revert CSS keyword rolls back the cascade so that the property takes on the value it would have had if there were no styles in the current style origin (author, user, or user-agent). In author stylesheets (the normal case), for the purposes of the given declaration, it's as if there were no author-level styles, thus resetting the property to the default value established by the user-agent stylesheet (or by user styles, if any exist).
revert keyword is different from and should not be confused with
initial, which uses the initial value defined on a per-property basis by the CSS specifications. By contrast, user-agent stylesheets set default values on the basis of CSS selectors. For example, the initial value for the
display property is
inline, whereas a normal user-agent stylesheet sets the default
display value of
revert keyword is useful for isolating embedded widgets/components from the styles of the page that contains them, particularly when used with the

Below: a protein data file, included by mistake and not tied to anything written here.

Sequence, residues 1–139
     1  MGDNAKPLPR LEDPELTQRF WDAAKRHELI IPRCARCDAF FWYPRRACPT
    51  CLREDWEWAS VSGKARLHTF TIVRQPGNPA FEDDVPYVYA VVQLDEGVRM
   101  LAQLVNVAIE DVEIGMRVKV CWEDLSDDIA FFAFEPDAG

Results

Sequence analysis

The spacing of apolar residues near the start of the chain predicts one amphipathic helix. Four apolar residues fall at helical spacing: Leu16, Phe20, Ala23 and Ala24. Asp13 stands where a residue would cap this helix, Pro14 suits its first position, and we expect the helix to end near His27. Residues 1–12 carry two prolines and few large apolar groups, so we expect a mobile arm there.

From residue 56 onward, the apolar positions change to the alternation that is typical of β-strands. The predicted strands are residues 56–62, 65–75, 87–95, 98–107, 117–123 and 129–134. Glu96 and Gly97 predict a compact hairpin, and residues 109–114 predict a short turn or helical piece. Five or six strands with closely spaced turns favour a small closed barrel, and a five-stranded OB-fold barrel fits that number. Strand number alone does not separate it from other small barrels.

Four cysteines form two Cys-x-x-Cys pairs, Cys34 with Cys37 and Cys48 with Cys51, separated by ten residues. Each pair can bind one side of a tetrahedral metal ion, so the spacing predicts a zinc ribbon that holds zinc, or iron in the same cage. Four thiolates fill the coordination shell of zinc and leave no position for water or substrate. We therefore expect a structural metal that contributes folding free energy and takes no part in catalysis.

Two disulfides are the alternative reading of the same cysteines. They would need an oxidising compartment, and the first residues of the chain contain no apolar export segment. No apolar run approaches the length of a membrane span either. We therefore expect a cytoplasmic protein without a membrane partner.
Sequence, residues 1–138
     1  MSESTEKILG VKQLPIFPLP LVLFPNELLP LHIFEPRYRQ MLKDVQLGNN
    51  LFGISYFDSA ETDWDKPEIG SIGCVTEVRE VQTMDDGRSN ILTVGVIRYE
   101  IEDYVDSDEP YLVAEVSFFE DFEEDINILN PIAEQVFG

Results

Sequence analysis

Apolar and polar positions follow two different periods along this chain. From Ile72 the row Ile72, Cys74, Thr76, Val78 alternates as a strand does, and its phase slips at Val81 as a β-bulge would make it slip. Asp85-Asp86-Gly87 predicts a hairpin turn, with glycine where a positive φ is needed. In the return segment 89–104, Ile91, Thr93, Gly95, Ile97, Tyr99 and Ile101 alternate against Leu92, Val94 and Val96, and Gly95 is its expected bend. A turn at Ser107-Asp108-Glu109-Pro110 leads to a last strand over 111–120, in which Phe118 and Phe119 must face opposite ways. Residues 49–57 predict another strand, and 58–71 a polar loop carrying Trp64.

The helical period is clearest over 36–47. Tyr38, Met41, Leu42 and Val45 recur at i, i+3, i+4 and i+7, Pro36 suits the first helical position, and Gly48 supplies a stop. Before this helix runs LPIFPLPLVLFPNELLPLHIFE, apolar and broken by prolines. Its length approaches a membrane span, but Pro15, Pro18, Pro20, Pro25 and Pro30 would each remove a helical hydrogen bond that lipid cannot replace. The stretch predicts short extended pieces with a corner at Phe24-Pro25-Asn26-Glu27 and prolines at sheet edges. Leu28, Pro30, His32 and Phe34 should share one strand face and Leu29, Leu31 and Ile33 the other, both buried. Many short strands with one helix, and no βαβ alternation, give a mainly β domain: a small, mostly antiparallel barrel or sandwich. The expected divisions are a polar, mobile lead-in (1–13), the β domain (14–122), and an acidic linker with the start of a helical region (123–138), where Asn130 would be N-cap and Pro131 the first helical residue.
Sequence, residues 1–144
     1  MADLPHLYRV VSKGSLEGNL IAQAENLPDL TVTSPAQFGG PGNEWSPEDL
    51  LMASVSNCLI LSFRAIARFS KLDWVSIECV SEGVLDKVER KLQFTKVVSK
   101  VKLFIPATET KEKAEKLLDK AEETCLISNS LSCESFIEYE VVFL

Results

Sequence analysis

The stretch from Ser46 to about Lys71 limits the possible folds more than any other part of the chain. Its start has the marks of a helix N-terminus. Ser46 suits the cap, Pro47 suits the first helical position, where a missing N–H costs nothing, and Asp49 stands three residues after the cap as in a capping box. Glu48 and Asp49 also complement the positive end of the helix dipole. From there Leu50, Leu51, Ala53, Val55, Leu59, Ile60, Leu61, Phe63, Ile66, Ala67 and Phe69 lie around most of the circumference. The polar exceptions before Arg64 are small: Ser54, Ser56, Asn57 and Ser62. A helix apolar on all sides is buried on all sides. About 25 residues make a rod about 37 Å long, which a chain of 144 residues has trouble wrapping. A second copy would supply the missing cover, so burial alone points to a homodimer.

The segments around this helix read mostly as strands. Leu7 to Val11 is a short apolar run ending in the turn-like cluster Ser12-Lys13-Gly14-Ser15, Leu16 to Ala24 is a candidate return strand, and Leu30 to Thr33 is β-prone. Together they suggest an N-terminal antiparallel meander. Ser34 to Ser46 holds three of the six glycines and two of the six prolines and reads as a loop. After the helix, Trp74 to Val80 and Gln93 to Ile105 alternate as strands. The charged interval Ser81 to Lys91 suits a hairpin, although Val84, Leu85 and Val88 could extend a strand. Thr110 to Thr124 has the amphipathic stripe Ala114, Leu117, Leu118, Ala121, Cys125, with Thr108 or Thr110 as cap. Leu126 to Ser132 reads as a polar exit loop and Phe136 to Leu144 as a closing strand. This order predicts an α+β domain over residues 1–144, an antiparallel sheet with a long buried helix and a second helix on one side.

In user stylesheets,
revert rolls back the cascade and resets the property to the default value established by the user-agent stylesheet.
This article is currently a stub and is missing an example.
|CSS Cascading and Inheritance Level 4
The definition of 'revert' in that specification.
|Working Draft||Initial definition|
|Feature||Chrome||Firefox (Gecko)||Internet Explorer||Opera||Safari (WebKit)|
|Basic support||?||Not supported||?||?||9.1|
|Feature||Android||Firefox Mobile (Gecko)||IE Phone||Opera Mobile||Safari Mobile|
|Basic support||?||Not supported||?||?||9.3|
 See WebKit bug 149702.
 See bug 1215878.